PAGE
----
1. Correction of IRS error;
  2. Statutory and Regulatory exceptions;
  3. Administrative waivers [including the FTA];
  4. Reasonable cause.

In some situations, this stacking rule can result in disparate treatment of taxpayers. For example, assume that a taxpayer files a late return in year one for reasons that would qualify for a reasonable cause abatement, as well as for the FTA. Assume further that in year three, the taxpayer is subject to a late payment penalty for reasons that do not meet the reasonable cause standards. In this scenario, under the IRS stacking rules, the taxpayer would receive the FTA in year one but would be afforded no relief in year three.

By contrast, if the IRS considered reasonable cause, which is a statutory remedy, prior to application of FTA, the taxpayer would have received the reasonable cause abatement in year one. This approach would have preserved eligibility for the FTA over the next three years, thus enabling its use in year three against the failure to pay penalty. Moreover, this approach adheres to the right to a fair and just tax system, which means that taxpayers should have their tax liability determined based on the specific facts and circumstances of their particular case.

Automating Application of the FTA Is a Commendable Policy, If Done Correctly

The IRS Office of Servicewide Penalties is proposing to automate application of the FTA. This step would have some tangible benefits to both taxpayers and the IRS. According to the IRS, it would likely result in the provision of an additional 1.35 million FTAs, yielding an extra $261 million in annual abatements. This computation is baffling to me. Is it that the IRS currently doesn’t have the resources to answer phone calls from taxpayers who are asking for abatements?  Or is it that many taxpayers are eligible for FTA abatements but they don’t call in to obtain them?  In either case, the automated FTA would result in more abatements. However, it begs the question of why the IRS would set up and assess penalties in the first place if they would be abated automatically later. Why not use the algorithm before issuing the penalty and save everyone a lot of angst?  Never mind.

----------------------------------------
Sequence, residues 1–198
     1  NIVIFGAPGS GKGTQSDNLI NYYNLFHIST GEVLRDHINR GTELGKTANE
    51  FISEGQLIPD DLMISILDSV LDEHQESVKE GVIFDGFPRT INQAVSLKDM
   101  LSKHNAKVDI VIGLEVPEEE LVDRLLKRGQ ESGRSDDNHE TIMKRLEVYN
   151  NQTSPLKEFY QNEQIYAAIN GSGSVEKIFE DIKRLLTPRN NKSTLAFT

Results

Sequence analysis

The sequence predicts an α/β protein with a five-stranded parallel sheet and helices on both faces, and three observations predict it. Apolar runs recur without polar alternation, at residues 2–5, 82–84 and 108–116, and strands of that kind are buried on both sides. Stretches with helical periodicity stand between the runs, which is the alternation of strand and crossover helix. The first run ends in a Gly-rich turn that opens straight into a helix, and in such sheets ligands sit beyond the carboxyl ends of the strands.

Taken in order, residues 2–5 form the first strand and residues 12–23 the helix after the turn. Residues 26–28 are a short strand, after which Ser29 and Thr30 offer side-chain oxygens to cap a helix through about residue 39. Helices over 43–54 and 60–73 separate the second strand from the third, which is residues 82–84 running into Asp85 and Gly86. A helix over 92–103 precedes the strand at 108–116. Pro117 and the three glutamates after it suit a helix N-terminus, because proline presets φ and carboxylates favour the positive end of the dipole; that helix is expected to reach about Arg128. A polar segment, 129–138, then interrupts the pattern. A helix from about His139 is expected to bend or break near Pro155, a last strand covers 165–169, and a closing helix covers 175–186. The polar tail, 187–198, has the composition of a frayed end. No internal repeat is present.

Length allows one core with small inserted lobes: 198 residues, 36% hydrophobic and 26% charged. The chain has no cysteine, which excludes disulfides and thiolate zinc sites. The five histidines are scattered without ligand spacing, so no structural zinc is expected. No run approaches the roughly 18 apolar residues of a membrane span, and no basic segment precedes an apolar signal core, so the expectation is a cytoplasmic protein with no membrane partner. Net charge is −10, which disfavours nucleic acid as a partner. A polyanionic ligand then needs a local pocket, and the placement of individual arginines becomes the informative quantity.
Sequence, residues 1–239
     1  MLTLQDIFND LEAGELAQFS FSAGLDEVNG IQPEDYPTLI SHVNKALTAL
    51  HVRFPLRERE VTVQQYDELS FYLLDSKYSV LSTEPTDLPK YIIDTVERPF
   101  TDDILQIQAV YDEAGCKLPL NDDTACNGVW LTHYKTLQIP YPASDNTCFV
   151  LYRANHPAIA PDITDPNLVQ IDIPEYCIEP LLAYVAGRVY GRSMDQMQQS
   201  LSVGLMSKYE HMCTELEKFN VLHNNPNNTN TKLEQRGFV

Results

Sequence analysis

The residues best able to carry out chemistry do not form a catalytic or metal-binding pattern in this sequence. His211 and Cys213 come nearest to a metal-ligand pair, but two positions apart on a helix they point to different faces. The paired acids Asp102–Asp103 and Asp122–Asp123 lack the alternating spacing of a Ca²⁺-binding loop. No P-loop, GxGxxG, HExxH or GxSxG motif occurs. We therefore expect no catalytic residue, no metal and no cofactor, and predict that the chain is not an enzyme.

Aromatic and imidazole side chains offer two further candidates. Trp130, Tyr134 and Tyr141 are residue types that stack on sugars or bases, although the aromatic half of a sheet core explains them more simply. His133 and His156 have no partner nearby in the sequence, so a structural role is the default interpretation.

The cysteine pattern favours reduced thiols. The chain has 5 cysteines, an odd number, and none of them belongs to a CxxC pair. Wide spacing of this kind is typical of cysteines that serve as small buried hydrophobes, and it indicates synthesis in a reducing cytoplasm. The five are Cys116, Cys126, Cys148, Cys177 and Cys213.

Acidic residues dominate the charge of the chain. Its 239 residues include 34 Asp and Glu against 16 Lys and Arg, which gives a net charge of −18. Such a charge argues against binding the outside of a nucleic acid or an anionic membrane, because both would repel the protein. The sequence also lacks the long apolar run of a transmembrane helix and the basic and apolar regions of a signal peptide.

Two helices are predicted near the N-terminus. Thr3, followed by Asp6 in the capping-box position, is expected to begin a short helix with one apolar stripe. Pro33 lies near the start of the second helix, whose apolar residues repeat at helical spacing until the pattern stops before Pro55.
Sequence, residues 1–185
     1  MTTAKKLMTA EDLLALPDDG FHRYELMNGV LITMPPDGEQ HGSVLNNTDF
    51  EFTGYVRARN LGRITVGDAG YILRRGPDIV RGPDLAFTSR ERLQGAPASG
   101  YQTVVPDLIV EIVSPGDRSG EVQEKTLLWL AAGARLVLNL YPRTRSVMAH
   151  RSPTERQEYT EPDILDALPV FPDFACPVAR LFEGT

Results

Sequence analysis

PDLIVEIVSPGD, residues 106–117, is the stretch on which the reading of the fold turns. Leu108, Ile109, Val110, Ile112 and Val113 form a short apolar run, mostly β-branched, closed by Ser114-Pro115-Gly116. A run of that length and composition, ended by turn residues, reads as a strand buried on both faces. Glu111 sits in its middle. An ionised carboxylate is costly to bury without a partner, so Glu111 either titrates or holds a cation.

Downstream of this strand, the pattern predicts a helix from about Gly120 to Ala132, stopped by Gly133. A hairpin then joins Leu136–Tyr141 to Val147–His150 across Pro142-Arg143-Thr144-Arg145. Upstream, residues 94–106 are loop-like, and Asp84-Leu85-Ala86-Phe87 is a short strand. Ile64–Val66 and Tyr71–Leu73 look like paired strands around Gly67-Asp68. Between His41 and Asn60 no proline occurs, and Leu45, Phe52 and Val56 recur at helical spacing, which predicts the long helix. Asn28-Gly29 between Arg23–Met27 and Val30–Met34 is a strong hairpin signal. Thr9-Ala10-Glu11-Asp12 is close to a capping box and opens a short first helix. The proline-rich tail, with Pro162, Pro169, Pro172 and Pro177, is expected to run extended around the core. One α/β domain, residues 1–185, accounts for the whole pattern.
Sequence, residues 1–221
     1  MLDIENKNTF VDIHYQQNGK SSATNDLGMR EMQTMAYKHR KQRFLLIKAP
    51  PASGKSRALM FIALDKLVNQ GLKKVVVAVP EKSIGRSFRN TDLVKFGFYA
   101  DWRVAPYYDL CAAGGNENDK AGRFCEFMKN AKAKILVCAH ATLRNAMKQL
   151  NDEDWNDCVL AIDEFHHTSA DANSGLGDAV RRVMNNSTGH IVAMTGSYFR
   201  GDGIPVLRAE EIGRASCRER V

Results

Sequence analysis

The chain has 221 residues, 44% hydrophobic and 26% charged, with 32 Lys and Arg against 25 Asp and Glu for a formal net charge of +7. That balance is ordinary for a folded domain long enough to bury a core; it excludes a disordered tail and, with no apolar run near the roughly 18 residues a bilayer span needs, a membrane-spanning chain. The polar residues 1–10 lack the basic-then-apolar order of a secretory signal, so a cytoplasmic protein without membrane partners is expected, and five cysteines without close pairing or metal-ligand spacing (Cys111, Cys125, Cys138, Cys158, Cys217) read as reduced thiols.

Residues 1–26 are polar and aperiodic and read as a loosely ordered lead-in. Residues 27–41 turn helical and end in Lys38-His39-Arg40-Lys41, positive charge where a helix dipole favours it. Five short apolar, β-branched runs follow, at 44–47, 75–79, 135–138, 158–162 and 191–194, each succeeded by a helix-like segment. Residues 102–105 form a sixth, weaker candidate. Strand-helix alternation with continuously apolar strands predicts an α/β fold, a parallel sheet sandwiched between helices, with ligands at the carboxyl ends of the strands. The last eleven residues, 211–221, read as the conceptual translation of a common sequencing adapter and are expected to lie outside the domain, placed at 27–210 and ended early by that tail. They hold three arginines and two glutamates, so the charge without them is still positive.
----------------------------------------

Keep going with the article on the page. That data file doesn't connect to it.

At any rate, the IRS further estimates that it would free up approximately 99-167 personnel who could be reallocated elsewhere. In fact, I first proposed use of the systemic FTA back in 2010. As a long-time proponent of this practice, I applaud the IRS for exploring potential automation of this policy, but it must be careful to adopt the proper stacking rule so as to ensure that the automated FTA fully benefits taxpayers and does not eliminate the application of reasonable cause abatement.

First Time Abatement Automation Should Not Be Implemented in a Way That Overrides Reasonable Cause Relief

As currently conceived, the IRS’s proposal for automating the FTA would continue to mandate the application of FTA over reasonable cause, even if a taxpayer had a clear-cut case in favor of reasonable cause relief. In effect, the proposed policy would write reasonable cause out of the law for the year in which the FTA was applied. It would violate taxpayers’ right to pay no more than the correct amount of tax, right to challenge the IRS’s position and be heard, and right to a fair and just tax system. Additionally, the IRS would be elevating its own internally created remedy (i.e., the FTA) over a statutory remedy created by Congress (i.e., the reasonable cause abatement).